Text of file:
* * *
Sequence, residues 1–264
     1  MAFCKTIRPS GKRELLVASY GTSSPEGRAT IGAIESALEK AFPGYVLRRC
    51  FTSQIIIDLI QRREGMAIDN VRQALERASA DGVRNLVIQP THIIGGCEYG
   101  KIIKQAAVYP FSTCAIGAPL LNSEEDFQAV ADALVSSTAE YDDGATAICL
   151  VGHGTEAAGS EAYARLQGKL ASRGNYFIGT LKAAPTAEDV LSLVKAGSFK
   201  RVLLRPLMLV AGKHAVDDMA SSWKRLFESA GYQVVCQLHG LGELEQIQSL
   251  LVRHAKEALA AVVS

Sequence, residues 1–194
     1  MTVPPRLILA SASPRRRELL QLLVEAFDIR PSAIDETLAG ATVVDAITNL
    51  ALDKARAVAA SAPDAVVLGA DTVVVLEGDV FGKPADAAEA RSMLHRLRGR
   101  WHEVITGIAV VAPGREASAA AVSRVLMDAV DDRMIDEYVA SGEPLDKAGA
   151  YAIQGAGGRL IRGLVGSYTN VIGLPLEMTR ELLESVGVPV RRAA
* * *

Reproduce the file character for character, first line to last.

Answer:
Sequence, residues 1–264
     1  MAFCKTIRPS GKRELLVASY GTSSPEGRAT IGAIESALEK AFPGYVLRRC
    51  FTSQIIIDLI QRREGMAIDN VRQALERASA DGVRNLVIQP THIIGGCEYG
   101  KIIKQAAVYP FSTCAIGAPL LNSEEDFQAV ADALVSSTAE YDDGATAICL
   151  VGHGTEAAGS EAYARLQGKL ASRGNYFIGT LKAAPTAEDV LSLVKAGSFK
   201  RVLLRPLMLV AGKHAVDDMA SSWKRLFESA GYQVVCQLHG LGELEQIQSL
   251  LVRHAKEALA AVVS

Sequence, residues 1–194
     1  MTVPPRLILA SASPRRRELL QLLVEAFDIR PSAIDETLAG ATVVDAITNL
    51  ALDKARAVAA SAPDAVVLGA DTVVVLEGDV FGKPADAAEA RSMLHRLRGR
   101  WHEVITGIAV VAPGREASAA AVSRVLMDAV DDRMIDEYVA SGEPLDKAGA
   151  YAIQGAGGRL IRGLVGSYTN VIGLPLEMTR ELLESVGVPV RRAA